Donations are an important way to show your support of our efforts, and can be made in the following ways:
May be treated as a charitable deduction for income tax purposes. Click here to contribute today.
The value of the securities is deductible as a charitable gift for tax purposes, and capital gains tax may be avoided.
A gift of cash or stock in memory of a family member or friend or in celebration of a birthday, anniversary or other special event is a wonderful way to honor someone you love and also support your commitment to the environment. We will be glad to provide special recognition for these gifts if desired.
If you work for a company which has a matching gifts program, please apply for those benefits and your gift to the Land Trust will be doubled.
Donations of land/property fall into two broad classifications: property that meets the Trust’s criteria for permanent conservation, or property that can be sold or traded to benefit the overall mission of the Trust.
Please make a contribution now to preserve your land for future generations! Email the President of our Land Trust.
Planned giving for the future creates a legacy for you and your family, and notes your commitment to preserving Bloomfield’s natural resources. If this interests you, please consult your attorney about the tax benefits you and/or your heirs could realize.
Some options are:
Name the Bloomfield Land Trust in your will or living trust to be distributed after your lifetime. Please notify us if you have established a provision in your will, so we can give you proper recognition.
Name the Trust as the beneficiary of your individual retirement account or deferred benefit plan.
Consider naming the Wintonbury Land Trust as beneficiary for a policy no longer needed for your family, or purchase one directly to benefit the Wintonbury Land Trust.
By investing funds into a charitable remainder trust or annuity, you or a family member is provided with income during your lifetime and the Wintonbury Land Trust will receive a delayed gift of principal.
For additional information, consult with your attorney, and email us and a Land Trust representative will contact you.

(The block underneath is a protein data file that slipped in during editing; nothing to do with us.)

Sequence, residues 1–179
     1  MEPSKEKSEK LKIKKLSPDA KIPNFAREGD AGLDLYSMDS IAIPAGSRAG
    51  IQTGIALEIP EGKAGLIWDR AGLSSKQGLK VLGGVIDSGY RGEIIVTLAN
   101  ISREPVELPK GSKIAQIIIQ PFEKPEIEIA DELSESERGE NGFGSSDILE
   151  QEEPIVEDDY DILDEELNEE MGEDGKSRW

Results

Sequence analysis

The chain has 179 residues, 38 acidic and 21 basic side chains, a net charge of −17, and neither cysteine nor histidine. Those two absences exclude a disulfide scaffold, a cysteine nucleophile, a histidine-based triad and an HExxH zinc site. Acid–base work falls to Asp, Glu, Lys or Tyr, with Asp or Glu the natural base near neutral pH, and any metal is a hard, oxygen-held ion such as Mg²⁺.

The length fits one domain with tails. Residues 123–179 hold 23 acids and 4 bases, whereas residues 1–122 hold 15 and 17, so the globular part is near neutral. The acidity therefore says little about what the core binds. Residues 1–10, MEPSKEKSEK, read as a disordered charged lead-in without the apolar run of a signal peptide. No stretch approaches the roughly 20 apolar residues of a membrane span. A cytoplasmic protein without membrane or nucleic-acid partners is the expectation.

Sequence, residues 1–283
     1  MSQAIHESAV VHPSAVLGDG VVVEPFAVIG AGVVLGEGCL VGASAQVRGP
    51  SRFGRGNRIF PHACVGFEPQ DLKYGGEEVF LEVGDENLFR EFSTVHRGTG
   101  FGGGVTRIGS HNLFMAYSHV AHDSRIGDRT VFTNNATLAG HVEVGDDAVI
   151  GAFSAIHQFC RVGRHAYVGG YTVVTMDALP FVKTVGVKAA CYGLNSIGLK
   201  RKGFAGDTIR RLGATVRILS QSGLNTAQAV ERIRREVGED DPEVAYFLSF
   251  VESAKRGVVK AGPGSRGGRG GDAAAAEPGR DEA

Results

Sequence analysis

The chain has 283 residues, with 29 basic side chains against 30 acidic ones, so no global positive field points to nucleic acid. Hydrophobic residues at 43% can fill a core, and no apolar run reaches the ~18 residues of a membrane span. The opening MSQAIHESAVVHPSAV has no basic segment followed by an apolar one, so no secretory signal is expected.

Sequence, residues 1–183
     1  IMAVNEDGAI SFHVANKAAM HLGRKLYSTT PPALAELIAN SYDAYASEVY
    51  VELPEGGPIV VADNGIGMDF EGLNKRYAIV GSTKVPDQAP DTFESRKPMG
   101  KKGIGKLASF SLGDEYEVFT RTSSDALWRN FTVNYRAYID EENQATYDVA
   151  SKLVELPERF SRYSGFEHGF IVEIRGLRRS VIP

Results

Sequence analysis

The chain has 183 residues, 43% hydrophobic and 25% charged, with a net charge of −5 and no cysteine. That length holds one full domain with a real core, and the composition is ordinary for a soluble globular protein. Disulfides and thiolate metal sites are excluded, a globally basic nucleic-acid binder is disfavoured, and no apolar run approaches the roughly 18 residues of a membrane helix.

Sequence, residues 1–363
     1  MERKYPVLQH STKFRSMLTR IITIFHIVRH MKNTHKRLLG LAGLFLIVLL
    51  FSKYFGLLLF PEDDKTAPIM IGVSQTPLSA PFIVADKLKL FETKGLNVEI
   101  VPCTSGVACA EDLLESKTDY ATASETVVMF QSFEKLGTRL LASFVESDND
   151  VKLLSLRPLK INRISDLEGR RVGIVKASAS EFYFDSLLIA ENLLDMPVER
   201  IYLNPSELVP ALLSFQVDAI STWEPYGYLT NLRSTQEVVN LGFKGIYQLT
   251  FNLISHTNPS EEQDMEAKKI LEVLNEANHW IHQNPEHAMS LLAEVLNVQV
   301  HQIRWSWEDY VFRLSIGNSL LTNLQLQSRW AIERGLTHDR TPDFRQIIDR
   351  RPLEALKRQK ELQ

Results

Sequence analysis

If you try to call Cheryl or Phil when the temperature is over 40°, you aren’t likely to get through. They’ll be in the garden, Cheryl tending to nearly 400 different cultivars of daylilies among many other plants, and Phil constructing a patio or arbor. Retired from careers in library science and teaching chemistry at CCSU, they now are connected to the land … and the Land Trust.
Not surprisingly, it started with our Garden Tour in 2011. Cheryl’s garden was one of the five featured in our first big fund-raising and community-building event. Later Cheryl made one of the substantial donations to conserve the Stout Family Fields. Phil jumped in during the campaign to restore Hawk Hill Farm’s barn in 2015. When the project was described to him, he said, “I like barns,” and promptly walked inside to write a $1,000 check. Cheryl matched him.
They have been regular donors and dues-paying members ever since, but with completely different approaches. Cheryl joins year by year. Phil became a lifetime member. Cheryl makes a year-end donation. So does Phil, but he budgets for it on a monthly basis. Each supports five to ten other non-profits, mainly in the environmental arena, but we are number one for both of them.
Why? Cheryl recalls when she first drove to Bloomfield, before even considering moving here, she was amazed by all the openness. “Then while I was working on the house I’d drive back to Newington and feel claustrophobic. It’s like a miracle that I’m here. I’m so impressed with all the work the Land Trust does that I’m happy to support them in the way that I can: with money.”
Phil mentioned their enjoyment of “meeting new people and learning new things about wildlife” at our annual meetings and noted “it’s better for our mental health not to be surrounded by concrete.” Both strongly support “giving locally to make our lives better locally” and think it is “really cool” that we’re not only purchasing land but also restoring barns and using it for farming.